Soul Love – Unraveling the Psychedelic Tapestry of Love


You can view the lyrics, alternate interprations and sheet music for David Bowie's Soul Love at Lyrics.org.
Article Contents:
  1. Music Video
  2. Lyrics
  3. Song Meaning
  4. Stone Love: Mourning and the Slogans of Sacrifice
  5. New Love Awakens: The Innocence and Intensity of First Romance
  6. Idiot Love and the Fusion of Folly
  7. Loneliness in the Divine: The Paradoxical Priest
  8. Unveiling the Hidden Heart: ‘And love is not loving’

Lyrics

Stone love, she kneels before the grave
A brave son, who gave his life
To save the slogans
That hovers between the headstone and her eyes
For they penetrate her grieving

New love, a boy and girl are talking
New words, that only they can share in
New words, a love so strong it tears their hearts
To sleep through the fleeting hours of morning

Love is careless in its choosing
Sweeping over cross and baby
Love descends on those defenseless
Idiot love will spark the fusion
Inspirations have I none
Just to touch the flaming dove
All I have is my love of love
And love is not loving

Soul love, the priest that tastes the word and
Told of love, and how my God on high is
All love, though reaching up my loneliness evolves
By the blindness that surrounds him

Love is careless in its choosing
Sweeping over cross and baby
Love descends on those defenseless
Idiot love will spark the fusion
Inspirations have I none
Just to touch the flaming dove
All I have is my love of love
And love is not loving

Full Lyrics

When David Bowie released ‘Soul Love’ as part of his seminal 1972 album ‘The Rise and Fall of Ziggy Stardust and the Spiders from Mars,’ he invited listeners on a journey through the multifaceted landscape of love. Layered with Bowie’s iconic, gender-bending persona and interstellar mystique, the song became a cornerstone of the glam rock movement, beckoning audiences to explore the universal yet enigmatic experience of love.

The track’s intricate lyricism and lush instrumentation form a sonic collage that both intrigues and confounds, inspiring various interpretations. Yet, to distill its essence is to dive into a deeply personal Bowie narrative, one that challenges conventions and underscores the poignancy, pain, and sheer unpredictability of love’s many forms.

Stone Love: Mourning and the Slogans of Sacrifice

Bowie paints a vivid picture of affection with his opening verse, contrasting the eternal nature of stone with the ephemeral human experience. The kneeling figure before a grave serves as a stark embodiment of love’s capacity for mourning and reverence. This act of visitation is fraught with the weight of societal ‘slogans,’ a possible nod to the empty platitudes often offered in the face of grief.

The intimacy between the mourner and the deceased is palpable, as Bowie intentionally blurs the lines between earthly love and the divine, suggesting a complex relationship where spirituality and love are inseparable in the act of remembrance.

New Love Awakens: The Innocence and Intensity of First Romance

Transitioning from the grief-stricken stone love, Bowie introduces us to the blossoming of new love. Here, the focus is on the unique language shared by young lovers, a dialect understood only by the hearts entwined in it. Through these ‘new words,’ Bowie captures the raw, unfiltered hope that ignites with the dawn of affection.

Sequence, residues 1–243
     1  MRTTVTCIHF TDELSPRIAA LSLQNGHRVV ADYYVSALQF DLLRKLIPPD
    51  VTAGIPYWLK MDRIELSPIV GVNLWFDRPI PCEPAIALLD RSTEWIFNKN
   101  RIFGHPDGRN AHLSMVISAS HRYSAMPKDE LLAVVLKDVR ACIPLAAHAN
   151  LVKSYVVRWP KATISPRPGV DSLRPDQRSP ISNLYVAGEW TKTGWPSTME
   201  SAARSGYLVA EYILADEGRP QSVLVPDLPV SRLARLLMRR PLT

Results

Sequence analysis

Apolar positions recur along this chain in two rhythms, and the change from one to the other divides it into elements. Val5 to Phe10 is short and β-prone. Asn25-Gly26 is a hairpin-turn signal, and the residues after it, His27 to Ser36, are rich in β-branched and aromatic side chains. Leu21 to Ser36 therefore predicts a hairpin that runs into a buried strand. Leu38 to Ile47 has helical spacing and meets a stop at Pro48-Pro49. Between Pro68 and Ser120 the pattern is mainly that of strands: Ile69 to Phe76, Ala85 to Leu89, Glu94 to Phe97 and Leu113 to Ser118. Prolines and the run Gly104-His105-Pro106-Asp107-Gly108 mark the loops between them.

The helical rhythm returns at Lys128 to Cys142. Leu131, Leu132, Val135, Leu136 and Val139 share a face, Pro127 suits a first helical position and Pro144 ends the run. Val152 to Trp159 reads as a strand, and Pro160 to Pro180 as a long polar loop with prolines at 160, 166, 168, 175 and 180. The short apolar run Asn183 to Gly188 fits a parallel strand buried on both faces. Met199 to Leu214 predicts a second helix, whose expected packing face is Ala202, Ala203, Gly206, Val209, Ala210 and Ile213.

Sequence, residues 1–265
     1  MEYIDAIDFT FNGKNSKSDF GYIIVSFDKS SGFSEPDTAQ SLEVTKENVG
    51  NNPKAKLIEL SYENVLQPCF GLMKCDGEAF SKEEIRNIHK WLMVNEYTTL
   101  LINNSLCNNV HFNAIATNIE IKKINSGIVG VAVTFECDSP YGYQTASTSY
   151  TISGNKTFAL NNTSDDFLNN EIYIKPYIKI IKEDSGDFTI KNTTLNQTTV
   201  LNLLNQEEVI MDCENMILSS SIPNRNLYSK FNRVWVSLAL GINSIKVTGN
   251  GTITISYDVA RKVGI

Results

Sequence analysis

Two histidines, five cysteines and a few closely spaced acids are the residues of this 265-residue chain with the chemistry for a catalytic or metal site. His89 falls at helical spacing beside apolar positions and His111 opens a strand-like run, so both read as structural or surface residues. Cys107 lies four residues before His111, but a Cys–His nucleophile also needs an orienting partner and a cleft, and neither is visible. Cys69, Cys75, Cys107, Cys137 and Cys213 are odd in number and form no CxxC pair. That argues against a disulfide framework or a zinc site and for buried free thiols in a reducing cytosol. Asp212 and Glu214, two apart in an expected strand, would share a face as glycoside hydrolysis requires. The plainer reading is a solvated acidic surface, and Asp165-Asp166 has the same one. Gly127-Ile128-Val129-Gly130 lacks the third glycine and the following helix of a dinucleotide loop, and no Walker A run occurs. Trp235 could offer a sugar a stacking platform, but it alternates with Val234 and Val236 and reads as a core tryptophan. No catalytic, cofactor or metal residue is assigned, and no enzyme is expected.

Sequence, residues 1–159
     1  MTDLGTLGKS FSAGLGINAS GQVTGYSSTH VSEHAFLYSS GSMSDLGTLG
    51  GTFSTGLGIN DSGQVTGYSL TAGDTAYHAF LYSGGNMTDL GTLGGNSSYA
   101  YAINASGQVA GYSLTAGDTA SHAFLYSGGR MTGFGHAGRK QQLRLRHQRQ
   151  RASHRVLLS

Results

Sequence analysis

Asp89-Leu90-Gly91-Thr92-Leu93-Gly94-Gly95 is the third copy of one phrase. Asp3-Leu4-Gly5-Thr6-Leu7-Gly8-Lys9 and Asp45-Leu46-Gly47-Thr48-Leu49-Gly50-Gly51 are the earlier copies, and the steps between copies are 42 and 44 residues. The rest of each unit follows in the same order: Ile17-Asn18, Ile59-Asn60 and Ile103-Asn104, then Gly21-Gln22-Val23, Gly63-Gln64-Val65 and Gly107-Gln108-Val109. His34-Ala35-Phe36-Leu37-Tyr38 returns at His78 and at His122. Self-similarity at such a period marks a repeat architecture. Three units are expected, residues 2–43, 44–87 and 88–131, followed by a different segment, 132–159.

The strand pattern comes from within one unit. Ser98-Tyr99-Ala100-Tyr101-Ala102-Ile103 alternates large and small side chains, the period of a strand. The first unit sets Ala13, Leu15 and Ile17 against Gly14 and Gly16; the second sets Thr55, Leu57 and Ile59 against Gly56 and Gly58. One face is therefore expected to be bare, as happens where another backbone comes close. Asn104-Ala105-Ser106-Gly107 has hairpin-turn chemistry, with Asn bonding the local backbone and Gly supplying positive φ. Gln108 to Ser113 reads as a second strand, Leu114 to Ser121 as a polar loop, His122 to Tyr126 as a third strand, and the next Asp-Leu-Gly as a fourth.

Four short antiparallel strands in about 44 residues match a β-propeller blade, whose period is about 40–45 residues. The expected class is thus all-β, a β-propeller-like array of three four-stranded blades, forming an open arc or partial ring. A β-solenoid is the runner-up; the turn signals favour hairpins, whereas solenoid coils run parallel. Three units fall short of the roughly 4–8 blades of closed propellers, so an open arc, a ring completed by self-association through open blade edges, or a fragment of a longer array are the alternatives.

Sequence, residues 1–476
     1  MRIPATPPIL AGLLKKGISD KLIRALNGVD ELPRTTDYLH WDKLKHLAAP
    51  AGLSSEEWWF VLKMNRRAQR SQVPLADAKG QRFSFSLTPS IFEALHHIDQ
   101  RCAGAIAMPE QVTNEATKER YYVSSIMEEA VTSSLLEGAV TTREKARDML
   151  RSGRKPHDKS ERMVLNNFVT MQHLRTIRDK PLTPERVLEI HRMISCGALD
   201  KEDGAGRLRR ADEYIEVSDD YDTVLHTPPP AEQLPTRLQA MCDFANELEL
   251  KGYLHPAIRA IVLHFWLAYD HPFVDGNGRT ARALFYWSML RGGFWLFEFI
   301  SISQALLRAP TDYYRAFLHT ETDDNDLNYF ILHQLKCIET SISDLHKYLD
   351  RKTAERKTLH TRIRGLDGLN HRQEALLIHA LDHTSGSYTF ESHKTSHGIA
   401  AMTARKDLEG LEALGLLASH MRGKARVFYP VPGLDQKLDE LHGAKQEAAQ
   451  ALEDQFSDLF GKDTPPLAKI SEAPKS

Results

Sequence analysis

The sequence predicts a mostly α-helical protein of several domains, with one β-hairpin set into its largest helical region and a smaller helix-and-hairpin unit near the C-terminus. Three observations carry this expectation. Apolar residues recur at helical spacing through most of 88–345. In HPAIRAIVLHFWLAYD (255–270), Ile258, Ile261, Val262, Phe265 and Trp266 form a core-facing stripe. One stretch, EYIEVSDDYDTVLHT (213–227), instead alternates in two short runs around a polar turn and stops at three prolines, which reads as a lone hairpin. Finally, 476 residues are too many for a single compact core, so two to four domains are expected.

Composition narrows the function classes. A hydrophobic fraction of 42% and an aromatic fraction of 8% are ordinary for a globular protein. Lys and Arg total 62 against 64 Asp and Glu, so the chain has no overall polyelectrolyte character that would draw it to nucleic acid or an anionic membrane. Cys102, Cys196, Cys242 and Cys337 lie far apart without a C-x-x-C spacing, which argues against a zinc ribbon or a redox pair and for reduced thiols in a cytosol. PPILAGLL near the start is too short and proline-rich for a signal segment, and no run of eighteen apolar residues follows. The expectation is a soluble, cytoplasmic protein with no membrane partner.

Yet, despite the sweetness, there is an undercurrent of something fleeting, as if this love, so vibrant and consuming, also bears the seeds of its own demise, sleeping through the ‘fleeting hours of morning.’

Idiot Love and the Fusion of Folly

In Bowie’s universe, love is not just blind but downright ‘careless in its choosing,’ a natural force that ‘sweeps over cross and baby,’ sparing none from its intense grasp. His notion of ‘idiot love,’ possessing the power to spark fusion, points to the irrationality that often accompanies intense romantic endeavors, possibly leading to unexpected consequences and creations.

Bowie’s recognition of his own lack of inspiration, save for the desire to touch the ‘flaming dove,’ signifies a quest for purity amid the chaos – an innate drive for a connection unmarred by love’s inherent complexities and contradictions.

Loneliness in the Divine: The Paradoxical Priest

Diving deeper into the spiritual aspects of love, Bowie introduces a priest, an intermediary between the divine and the mundane, who ‘tastes the word’ of love. Ironically, this priestly figure is encompassed by ‘loneliness,’ a jarring juxtaposition that grapples with the notion of spiritual love falling short in the face of human isolation.

As love is declared to emanate from God ‘on high,’ Bowie’s priest becomes an enigmatic symbol of the blindness inherent in human comprehension of love, spirituality, and the divine – a love that is perpetually sought after yet never fully grasped.

Unveiling the Hidden Heart: ‘And love is not loving’

The song’s recurring whisper, ‘And love is not loving,’ serves as perhaps the most perplexing and memorable utterance within ‘Soul Love.’ This contradictory statement encapsulates the complex duality at love’s core – the idea that the very nature of love can negate itself, becoming something detached from the intrinsic warmth and nurturing it’s expected to provide.

Bowie’s lyrics, ever open to interpretation, challenge listeners to redefine their own experiences of love. With these words, he posits that love, in all its glorified chaos, may only sometimes carry the benevolence it promises, leaving us to reckon with its colder, more indifferent side.

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